1. It hurts to look back and see how mean Americans were. But it’s not just Americans. Throughout history, groups of people have been attacking others to gain power and wealth. If only they could see that power, fame, and fortune are not the answer to a lasting happiness.

  2. I like what I’ve seen so far. Earlier I saw something about subscribing to this site but I can’t find it now.

  3. People need to sort out the real issues from the bias in this article, do you honestly think it is better to be ruled under a king or queen or in a democratic system where anyone can run for an election and vote? The people of these islands were subjugated by a monarchy who decided every thing for them. Leadership was passed down not by merit but by the family you were born in to. The people of Hawaii threw off their monarchy in favor of democracy. It is popular to confuse this point with some sort of cultural correctness. It is not correct to have a government based on a circumstance of birth.

    1. I feel so sorry for you, read your history. We have become the equivalent of the Roman, Persian and Ottoman empires. So sad. Our military gets approximately $900 billion a year while our inter structure rusts to dust.
      Salute our Corporate Empire. It’s a club and we’re not in it.

      1. Bill, I feel so sorry for you, read your history. Monarchies, kings, queens – absolute rulers where citizens have little or no voice have never turned out positive. What this article fails to report (on purpose) is the atrocities perpetrated by those in power before the coup. As for comparing the U.S. to the Persian & Ottoman empires – methinks you really need to read up on a bit more history.

        1. Really? Let’s see the information on the atrocities perpetrated by the those in power. And even if it were true – that doesn’t give us the right to just annex islands. Don’t kid yourself, son. We never do anything unless money is involved. We were not rescuing them. We were looking to make money.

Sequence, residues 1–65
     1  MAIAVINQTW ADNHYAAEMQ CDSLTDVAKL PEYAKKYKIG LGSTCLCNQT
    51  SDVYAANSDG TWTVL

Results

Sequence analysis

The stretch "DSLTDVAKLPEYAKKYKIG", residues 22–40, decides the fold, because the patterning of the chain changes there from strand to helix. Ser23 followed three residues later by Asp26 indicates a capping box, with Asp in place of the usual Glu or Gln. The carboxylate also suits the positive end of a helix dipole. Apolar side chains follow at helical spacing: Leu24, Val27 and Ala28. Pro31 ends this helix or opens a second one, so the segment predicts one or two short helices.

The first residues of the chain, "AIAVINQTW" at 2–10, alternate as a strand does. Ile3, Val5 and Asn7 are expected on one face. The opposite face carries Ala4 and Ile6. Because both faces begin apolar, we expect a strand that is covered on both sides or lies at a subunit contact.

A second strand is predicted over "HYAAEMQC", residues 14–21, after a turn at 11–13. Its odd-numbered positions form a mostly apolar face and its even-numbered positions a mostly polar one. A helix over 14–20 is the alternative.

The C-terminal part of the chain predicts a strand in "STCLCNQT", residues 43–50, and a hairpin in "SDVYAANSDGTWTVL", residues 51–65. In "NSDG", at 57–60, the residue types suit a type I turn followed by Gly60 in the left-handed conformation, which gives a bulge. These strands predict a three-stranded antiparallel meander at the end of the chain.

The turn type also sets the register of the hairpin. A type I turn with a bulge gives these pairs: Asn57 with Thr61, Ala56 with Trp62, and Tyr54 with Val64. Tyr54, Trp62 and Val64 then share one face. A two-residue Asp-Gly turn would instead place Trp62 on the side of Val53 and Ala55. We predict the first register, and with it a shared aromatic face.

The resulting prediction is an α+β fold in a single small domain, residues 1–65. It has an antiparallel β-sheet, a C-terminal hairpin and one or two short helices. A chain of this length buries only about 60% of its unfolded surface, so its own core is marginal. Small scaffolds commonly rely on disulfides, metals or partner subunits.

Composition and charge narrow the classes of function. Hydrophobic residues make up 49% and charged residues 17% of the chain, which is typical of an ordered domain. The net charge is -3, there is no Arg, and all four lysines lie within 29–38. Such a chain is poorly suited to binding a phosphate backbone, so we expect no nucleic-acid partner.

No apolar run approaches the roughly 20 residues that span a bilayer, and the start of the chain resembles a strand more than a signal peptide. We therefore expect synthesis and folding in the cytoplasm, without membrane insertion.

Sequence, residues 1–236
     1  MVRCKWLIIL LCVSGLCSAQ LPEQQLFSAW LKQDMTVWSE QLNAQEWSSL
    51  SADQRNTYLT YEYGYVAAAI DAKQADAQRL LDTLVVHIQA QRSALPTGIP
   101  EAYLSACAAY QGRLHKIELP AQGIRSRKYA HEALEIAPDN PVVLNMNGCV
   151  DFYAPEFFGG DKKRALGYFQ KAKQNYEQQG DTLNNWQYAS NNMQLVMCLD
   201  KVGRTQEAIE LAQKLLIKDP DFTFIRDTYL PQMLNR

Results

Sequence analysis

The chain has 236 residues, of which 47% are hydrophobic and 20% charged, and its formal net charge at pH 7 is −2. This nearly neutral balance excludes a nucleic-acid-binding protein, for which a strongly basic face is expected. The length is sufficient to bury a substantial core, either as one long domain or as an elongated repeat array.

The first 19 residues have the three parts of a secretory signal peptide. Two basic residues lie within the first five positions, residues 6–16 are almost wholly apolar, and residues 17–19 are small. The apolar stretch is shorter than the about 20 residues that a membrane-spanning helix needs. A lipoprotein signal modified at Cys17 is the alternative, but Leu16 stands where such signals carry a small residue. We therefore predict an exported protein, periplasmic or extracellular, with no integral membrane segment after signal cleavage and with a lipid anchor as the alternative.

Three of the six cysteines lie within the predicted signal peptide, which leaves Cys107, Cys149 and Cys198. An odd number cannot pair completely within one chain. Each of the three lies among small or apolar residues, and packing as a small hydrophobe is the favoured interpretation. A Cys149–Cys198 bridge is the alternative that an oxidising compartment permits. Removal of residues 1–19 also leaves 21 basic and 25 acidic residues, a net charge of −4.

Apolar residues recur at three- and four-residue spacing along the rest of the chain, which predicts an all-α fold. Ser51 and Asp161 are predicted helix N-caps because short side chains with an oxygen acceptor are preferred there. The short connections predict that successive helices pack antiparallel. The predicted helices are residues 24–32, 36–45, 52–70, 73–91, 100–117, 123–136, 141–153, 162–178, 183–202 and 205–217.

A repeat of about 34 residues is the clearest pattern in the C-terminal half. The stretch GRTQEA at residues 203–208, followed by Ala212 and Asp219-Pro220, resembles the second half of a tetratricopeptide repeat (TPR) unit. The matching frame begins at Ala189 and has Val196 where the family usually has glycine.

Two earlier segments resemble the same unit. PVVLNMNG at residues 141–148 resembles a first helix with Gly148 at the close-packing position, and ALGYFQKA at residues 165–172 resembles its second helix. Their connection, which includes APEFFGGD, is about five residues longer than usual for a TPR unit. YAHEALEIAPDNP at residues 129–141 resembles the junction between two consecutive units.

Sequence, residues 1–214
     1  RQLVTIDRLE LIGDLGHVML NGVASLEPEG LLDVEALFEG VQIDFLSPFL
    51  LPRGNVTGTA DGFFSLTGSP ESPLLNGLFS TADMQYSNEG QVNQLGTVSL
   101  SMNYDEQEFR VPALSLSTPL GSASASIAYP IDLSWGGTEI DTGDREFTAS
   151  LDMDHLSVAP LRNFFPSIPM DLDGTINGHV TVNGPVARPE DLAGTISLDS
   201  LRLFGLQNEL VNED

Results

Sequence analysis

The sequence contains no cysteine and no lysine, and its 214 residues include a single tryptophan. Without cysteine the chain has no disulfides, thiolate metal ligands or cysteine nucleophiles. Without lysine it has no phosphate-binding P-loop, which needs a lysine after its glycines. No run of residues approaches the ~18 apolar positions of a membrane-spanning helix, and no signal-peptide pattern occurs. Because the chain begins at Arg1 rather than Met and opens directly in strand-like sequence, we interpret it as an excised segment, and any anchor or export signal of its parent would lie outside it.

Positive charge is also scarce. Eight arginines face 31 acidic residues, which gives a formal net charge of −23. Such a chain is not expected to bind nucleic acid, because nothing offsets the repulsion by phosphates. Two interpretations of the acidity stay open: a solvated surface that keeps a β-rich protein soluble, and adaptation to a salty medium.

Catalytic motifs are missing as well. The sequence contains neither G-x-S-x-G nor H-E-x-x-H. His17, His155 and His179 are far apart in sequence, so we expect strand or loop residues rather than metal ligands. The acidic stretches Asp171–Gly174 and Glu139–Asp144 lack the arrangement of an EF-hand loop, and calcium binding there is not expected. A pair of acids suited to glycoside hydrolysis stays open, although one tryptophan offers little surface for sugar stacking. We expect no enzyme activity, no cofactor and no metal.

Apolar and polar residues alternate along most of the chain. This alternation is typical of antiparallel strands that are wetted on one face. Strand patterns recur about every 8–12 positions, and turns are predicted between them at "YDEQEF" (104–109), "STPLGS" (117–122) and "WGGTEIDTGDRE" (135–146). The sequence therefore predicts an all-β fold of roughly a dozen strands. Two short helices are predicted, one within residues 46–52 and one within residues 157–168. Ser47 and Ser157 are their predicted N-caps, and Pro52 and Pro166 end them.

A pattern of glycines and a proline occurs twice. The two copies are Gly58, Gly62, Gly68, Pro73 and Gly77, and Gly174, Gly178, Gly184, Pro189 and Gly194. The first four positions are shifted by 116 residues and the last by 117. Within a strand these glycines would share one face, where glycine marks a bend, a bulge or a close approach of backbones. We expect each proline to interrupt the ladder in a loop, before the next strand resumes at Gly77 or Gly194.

1. We would have been very dumb to not annex Hawaii. If we didn’t do it some other great power would have. What other great power would treated the indigenous Hawaiians better than we did?

      2. Despite some of the dark chapters in US history, we are
        still the most benevolent and free democracy in the history of the world.

    2. Did you ask the people if they wanted to be annexed and brought into the US? Because when I was there – I sure got the impression they were mad about it then and still are. Look at the latest indignity. “We” want to put a large telescope there. The natives are upset because the location is sacred to them. Do “we” care? Nope…arrest the old timers who are protesting and carry on with the build.

  4. After she was forced to abdicate the Hawaiian throne, attempts were made to restore the monarchy and oppose annexation, but with the outbreak of the Spanish–American War, the United States annexed Hawaiʻi. Living out the remainder of her later life as a private citizen, Liliʻuokalani died at her residence, Washington Place, in Honolulu on November 11, 1917.

    Read the Wikipedia article about her. She was an amazing woman! She was also a gifted musician. She wrote Aloha ‘Oe. While she was held at Iolani Palace, she made an elaborate quilt. She was able to keep in touch with folks on the outside because she was allowed to have fresh flowers delivered everyday and the messages were smuggled inside the arrangements. If you take the tour of Iolani Palace on Oahu, you can stand in the very room where this REMARKABLE woman was held.

    I moved to Hawaii in 1963 as a second grader. I lived there until I was 14. It was a wonderful yet clueless childhood. We had our glossed over Hawaii State History in 4th and 8th grade, but it never sunk in what had really happened. I like to believe that some other powerful nation would have come along if we had not. I also know that some of the Hawaiian people were not at all opposed to statehood. When I returned to Hawaii 20 years later, I was happy to see all the Hawaiian accent marks restored. Hawai’i, Lanai’i, etc. It seemed like a metaphor for other things that needed to be restored. Hawaii is not only one of the most beautiful places on earth, it is so strategically located, I am ultimately happy that it is ours, our 50th State. But what a price was paid!